'Holmes, Cardozo, and the Legal Realists: Early Incarnations of Legal Pragmatism and Enterprise Liability' by Edmund Ursin in (2013) 50 San Diego Law Review comments that
Enterprise liability is a term associated with the tort lawmaking of the liberal “Traynor era” California Supreme Court of the 1960s and 1970s. Legal pragmatism, in turn, is associated with the conservative jurist Richard Posner. This manuscript examines the evolution of each of these theoretical movements from Holmes’s great 1897 essay, “The Path of the Law,” to the present day. Its focus is on the great judges and scholars whose views have shaped our own: Holmes, Cardozo, the Legal Realists Leon Green and Karl Llewellyn, Traynor, and Posner.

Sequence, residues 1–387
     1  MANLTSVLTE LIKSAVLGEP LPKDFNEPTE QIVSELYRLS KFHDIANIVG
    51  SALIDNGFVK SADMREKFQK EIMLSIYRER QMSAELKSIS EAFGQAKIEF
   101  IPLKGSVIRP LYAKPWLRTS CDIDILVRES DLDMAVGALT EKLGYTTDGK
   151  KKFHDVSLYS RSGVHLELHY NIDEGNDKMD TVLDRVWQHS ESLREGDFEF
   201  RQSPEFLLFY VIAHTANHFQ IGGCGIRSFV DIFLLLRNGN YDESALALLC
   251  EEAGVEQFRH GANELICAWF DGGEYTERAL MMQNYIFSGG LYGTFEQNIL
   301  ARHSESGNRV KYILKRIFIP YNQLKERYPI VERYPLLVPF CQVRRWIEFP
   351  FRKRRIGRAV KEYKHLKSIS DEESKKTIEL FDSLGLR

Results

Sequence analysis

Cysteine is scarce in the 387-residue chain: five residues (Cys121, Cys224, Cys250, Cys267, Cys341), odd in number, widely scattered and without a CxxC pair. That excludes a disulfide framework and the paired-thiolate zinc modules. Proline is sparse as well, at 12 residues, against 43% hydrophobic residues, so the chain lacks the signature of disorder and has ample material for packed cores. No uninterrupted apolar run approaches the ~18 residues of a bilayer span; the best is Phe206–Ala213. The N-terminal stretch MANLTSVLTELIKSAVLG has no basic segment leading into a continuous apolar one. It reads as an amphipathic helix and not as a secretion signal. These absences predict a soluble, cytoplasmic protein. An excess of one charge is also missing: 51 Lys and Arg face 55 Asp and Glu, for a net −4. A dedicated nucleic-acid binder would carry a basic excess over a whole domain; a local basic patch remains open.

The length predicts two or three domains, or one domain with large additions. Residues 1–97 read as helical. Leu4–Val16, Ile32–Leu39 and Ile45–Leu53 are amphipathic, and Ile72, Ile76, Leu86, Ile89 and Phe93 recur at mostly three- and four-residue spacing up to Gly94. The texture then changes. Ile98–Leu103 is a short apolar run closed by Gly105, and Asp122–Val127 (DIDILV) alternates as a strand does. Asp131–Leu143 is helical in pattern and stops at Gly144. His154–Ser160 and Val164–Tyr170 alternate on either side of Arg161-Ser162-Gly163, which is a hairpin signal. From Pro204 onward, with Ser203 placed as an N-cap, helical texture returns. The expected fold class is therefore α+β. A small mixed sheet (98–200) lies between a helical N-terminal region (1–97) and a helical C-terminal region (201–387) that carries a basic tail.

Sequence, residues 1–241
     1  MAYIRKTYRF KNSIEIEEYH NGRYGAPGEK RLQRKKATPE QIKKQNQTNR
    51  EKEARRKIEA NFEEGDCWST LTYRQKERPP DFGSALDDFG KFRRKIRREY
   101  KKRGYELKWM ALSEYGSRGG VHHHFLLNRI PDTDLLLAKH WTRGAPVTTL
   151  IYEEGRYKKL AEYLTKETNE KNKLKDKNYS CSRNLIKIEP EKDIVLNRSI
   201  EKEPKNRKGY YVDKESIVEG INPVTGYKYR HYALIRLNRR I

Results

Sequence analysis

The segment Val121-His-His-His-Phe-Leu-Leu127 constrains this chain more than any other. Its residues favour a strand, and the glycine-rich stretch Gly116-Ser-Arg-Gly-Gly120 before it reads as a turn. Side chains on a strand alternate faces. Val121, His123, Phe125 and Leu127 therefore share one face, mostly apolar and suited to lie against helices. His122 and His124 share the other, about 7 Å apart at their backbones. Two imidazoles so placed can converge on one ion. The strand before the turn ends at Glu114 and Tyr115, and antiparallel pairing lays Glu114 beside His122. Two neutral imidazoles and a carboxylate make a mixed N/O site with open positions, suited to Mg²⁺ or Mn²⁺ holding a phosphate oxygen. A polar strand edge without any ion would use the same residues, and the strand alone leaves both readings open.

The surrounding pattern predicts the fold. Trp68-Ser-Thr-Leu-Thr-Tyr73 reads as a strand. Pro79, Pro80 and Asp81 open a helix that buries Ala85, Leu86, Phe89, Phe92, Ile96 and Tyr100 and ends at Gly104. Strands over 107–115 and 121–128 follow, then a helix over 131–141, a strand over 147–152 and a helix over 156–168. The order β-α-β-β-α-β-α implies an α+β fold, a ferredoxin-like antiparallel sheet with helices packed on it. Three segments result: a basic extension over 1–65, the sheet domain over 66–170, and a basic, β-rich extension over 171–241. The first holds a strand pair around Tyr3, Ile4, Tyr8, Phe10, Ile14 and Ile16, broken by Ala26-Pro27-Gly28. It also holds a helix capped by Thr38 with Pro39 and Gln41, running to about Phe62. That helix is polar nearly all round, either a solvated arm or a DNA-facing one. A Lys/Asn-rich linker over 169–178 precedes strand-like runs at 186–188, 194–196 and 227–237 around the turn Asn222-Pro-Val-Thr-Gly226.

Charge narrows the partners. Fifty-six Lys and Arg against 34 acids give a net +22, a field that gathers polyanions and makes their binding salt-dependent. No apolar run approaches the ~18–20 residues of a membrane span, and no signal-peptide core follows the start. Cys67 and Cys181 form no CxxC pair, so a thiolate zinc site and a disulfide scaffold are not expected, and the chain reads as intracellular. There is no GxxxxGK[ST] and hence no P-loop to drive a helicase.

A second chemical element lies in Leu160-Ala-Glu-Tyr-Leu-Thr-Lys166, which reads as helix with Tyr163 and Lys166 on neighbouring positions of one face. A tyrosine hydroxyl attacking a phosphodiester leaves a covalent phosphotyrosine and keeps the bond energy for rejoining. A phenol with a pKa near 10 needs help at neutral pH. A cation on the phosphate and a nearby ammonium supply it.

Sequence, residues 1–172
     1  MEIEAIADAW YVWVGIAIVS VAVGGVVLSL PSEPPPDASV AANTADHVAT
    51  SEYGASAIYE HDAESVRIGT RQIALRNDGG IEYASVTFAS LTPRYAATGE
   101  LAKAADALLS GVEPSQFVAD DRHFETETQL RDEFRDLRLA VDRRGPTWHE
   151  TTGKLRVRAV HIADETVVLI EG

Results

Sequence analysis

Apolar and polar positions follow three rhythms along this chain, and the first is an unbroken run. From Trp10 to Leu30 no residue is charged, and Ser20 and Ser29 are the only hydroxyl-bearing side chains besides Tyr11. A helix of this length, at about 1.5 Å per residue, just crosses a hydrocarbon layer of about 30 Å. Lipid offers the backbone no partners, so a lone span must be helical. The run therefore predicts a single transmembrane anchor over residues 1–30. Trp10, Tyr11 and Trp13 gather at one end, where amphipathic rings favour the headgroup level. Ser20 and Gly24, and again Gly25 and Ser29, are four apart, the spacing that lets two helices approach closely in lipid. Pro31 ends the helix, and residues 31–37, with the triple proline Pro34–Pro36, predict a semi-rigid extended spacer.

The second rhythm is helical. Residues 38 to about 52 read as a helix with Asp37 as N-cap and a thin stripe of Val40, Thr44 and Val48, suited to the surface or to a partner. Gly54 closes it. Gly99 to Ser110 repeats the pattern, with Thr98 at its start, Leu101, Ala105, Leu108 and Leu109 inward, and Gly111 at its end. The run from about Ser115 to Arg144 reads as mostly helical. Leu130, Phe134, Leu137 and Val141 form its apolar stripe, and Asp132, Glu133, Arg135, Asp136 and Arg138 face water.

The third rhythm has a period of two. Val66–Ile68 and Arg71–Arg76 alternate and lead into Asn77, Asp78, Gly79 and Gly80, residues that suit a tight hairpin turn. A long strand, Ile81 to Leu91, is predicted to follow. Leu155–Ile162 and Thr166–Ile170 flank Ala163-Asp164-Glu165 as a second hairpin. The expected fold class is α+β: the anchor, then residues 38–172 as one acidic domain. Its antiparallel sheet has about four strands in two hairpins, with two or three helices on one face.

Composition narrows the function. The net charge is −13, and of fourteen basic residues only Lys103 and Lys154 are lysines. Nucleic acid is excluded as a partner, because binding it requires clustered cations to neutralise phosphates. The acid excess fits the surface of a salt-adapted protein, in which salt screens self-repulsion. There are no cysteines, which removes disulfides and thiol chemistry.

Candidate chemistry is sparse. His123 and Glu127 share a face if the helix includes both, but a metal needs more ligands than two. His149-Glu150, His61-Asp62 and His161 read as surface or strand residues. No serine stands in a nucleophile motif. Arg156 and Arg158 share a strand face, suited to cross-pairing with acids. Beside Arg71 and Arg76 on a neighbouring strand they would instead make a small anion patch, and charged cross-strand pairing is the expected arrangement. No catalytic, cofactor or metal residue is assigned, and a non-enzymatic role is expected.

Stated simply, the shared jurisprudential view of these great judges and scholars is that in our system judges are legislators as well as adjudicators — and policy plays a role in their lawmaking. In the common law subjects, in fact, judges are the primacy lawmakers. In constitutional adjudication they are also lawmakers but lawmakers aware of the general need for deference to other branches. No fancy formulas such as “neutral principle “or “original meaning” can capture this role. Indeed, the leading academic theorists of the past century — and today — have been out of touch with the reality of judicial lawmaking as it has been expressly articulated by these great judge. We also see in the works of these judges and scholars the origins of the enterprise liability doctrines that the pragmatic Traynor era court of the 1960s and 1970s, would adopt, including the doctrine of strict products liability and expansive developments within the negligence system.Australian readers might gain more value from Richard Posner, ‘What Has Pragmatism To Offer Law?’ (1990) 63 Southern California Law Review 1653; Alfonso Morales (ed) Renascent Pragmatism: Studies in Law and Social Science (Ashgate, 2003); Margaret Radin, ‘The Pragmatist and the Feminist’ (1990) 63 Southern California Law Review 1699; Michael Sullivan, Legal Pragmatism: Community, Rights, and Democracy (Indiana University Press, 2007); Thomas Grey ‘Holmes and Legal Pragmatism’ (1989) 41 Stanford Law Review 787; Ronald Dworkin, ‘Pragmatism, Right Answers and True Banality’ in Michael Brint and William Weaver (eds) Pragmatism in Law and Society (Westview Press, 1990) 359; Frederic Kellogg, ‘American Pragmatism and European Social Theory: Holmes, Durkheim, Scheler, and the Sociology of Legal Knowledge’ (2012) IV(1) European Journal of Pragmatism and American Philosophy 107; Brian Tamanaha, ‘Pragmatism in U.S. Legal Theory: Its Application to Normative Jurisprudence, Sociolegal Studies, and the Fact-Value Distinction’ (1996) 41 American Journal of Jurisprudence 315; Susan Haack, ‘On Legal Pragmatism: Where Does ‘The Path of the Law’ Lead Us?’ (2012) 3(1) Pragmatism Today 8; John Diggins, The Promise of Pragmatism: Modernism and the Crisis of Knowledge and Authority (University of Chicago Press, 1995); and R George Wright, ‘The Consequences of Contemporary Legal Relativism’ (1990-91) 22 University of Toledo Law Review 73.